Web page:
Tuesday, March 1, 2011

Is It Real? Is It A Fairy Tale? Reviewing Angel-A

Andre is an inept con artist who has made a lot of bad business deals with a lot of  bad people. When we meet him, Andre's luck has run out and his time is almost up as he faces multiple death threats. Despairing, he decides to end it all by jumping off of a bridge into the Seine.

At the point of jumping, Andre notices a tall, gorgeous woman who jumps from the bridge, and Andre's thoughts turn from suicide to saving her as he jumps and drags her out of the water.

Thus we meet Angela. She pledges to help Andre in any way she can as thanks for saving her life. Andre says that no one has helped him in his entire life and, therefore, he's skeptical as to why such a gorgeous woman would want to help him at all but agrees. He becomes increasing alarmed at the lengths she is willing to go to in order to get the money he needs to pay off the thugs on his trail. Meanwhile, Angela continually tells Andre that beauty is on the inside, not the outside, and that he is good deep down. As Andre begins to believe her and to act accordingly, his fortune changes, and he begins to want to change Angela's fate in turn.

Beautifully shot in black and white, this movie was directed by Luc Besson who is known for movies like La Femme Nikita, The Fifth Element, and Taken. In an interview at Movies Online, Besson commented on the black and white format by saying:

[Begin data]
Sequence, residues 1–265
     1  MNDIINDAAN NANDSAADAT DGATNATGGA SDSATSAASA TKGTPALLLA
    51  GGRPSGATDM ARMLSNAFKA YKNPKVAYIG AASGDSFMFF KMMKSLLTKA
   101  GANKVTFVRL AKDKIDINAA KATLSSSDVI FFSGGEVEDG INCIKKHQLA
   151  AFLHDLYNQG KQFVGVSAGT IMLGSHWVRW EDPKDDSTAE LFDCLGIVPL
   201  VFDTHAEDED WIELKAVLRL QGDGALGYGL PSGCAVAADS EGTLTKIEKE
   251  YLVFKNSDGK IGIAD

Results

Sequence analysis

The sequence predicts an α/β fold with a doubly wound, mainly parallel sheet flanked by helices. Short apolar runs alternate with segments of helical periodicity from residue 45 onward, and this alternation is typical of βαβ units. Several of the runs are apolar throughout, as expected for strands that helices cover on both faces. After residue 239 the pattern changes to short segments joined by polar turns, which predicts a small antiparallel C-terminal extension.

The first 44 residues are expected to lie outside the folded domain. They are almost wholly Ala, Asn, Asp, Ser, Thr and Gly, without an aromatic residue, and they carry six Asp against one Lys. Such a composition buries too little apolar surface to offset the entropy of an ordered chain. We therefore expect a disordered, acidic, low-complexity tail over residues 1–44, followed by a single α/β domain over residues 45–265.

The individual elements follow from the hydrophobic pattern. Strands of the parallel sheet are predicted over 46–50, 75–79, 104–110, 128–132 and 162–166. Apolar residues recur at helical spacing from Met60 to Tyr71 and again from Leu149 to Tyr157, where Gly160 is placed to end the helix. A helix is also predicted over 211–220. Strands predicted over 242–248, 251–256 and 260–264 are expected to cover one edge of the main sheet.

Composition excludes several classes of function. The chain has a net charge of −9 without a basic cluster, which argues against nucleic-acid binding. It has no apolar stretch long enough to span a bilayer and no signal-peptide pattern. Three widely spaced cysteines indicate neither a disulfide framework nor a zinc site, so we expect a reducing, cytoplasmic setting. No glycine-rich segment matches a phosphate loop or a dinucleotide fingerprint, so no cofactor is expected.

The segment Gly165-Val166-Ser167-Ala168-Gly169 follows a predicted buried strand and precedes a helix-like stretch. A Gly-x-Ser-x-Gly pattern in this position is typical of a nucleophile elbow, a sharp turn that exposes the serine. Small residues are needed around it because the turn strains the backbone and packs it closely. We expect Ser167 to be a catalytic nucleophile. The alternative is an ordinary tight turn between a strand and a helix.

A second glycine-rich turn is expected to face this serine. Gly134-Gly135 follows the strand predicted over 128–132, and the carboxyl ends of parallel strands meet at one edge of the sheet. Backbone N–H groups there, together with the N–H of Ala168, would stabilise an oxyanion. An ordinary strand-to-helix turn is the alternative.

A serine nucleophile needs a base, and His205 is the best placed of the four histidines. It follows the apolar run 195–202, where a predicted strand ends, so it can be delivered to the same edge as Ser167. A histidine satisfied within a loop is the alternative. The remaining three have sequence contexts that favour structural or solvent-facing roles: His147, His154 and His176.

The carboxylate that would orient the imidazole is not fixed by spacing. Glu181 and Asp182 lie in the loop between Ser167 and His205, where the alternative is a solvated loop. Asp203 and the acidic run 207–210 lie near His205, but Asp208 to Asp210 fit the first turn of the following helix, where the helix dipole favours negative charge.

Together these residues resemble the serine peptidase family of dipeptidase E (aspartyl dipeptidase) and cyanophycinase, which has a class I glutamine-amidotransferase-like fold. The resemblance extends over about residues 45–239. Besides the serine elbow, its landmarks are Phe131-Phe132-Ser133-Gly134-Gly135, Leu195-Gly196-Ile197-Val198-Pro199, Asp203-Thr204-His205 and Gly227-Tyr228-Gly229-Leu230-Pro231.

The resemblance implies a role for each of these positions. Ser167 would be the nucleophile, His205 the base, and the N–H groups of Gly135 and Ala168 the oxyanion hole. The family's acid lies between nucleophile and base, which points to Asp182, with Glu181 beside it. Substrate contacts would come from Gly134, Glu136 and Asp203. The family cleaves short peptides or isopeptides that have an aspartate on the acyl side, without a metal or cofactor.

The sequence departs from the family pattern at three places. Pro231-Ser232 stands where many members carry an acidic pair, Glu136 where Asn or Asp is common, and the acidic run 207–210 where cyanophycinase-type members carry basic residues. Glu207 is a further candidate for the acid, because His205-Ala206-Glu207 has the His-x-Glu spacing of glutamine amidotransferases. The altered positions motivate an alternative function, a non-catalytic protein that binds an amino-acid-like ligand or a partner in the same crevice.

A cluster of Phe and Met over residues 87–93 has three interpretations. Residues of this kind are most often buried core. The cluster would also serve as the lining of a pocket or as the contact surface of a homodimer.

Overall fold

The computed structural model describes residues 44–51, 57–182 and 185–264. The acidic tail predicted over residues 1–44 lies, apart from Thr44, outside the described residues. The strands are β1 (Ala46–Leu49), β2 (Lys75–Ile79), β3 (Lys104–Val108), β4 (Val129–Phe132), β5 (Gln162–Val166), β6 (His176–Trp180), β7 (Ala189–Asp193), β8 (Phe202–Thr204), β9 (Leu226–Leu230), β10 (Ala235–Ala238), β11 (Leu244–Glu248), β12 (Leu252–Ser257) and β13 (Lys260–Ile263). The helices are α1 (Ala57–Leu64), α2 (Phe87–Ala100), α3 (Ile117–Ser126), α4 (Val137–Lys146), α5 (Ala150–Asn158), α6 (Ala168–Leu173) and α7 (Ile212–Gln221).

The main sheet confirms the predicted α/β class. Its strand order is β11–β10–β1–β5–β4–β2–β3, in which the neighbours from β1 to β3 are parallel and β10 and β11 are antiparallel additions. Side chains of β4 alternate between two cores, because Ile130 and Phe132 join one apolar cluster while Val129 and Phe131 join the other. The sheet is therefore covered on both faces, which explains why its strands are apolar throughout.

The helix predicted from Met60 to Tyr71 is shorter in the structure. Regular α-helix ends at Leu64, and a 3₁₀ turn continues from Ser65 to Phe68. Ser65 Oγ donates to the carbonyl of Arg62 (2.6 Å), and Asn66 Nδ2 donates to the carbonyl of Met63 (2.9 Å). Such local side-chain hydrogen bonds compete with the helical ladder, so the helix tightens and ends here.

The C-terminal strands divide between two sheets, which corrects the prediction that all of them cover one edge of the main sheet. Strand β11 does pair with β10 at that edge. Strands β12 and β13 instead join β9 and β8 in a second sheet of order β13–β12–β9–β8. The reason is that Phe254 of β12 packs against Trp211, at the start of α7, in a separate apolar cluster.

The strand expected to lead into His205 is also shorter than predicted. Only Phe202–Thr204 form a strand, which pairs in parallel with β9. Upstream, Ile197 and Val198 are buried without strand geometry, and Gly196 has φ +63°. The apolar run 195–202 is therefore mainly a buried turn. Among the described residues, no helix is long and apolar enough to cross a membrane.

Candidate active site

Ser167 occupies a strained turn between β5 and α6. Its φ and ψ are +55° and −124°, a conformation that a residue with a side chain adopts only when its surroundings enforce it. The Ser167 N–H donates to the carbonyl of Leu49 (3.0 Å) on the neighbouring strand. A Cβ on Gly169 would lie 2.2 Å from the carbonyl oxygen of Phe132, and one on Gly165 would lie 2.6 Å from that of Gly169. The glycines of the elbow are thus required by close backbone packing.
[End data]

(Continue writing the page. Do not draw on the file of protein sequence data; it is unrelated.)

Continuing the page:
Black and white because yin and yang, because tall and small, introverted extroverted, blonde brown, the good the bad, the black the white, everything is in opposition in the film. And I need the film to have this little poetry. Is it real? Is it a dream? Is it a fairy tale?
The key message of Angel-A is that you don't have to be good for life to be sacred, and you can begin to be good even if you have failed to be.

This movie is extremely straight forward in plot line. There are a few surprises but they are foreshadowed for the most part. I found the plot rather simplistic, but enjoyed it well enough and can recommend it on those grounds. My key problem is that the ending was a cop out because there wasn't the proper set up or story-line logic to make it a realistic conclusion. Along those lines, a much superior movie which communicates the same basic message is In Bruges.

For those who don't mind a tacked-on ending out of nowhere, I can recommend this movie. I specifically enjoyed the humorous moments such as at the American embassy where Andre cannot even con the US official (and where they both spoke fluent French the entire time) and at the police station where Andre pleads to be arrested. If nothing else it is simply beautiful to look at in composition and photography, although there is more to recommend it to the viewer than that. (Rated R for language and some sexual content.) 


  1. I absolutely loved this movie!

  2. Comment from Jennifer, sent to me (NOTE >>> SPOILERS AHEAD!)

    "I note you make no reference to It's A Wonderful Life......I think there is some either intentional, or at least accidental but notable, parallel and opposition. The differences between the two movies strike me."

  3. Thank you for the review. I'd seen the trailer for it, but it never came to my neck of the woods. But maybe I'll ask my neighbor to add it to his Netflix queue for me.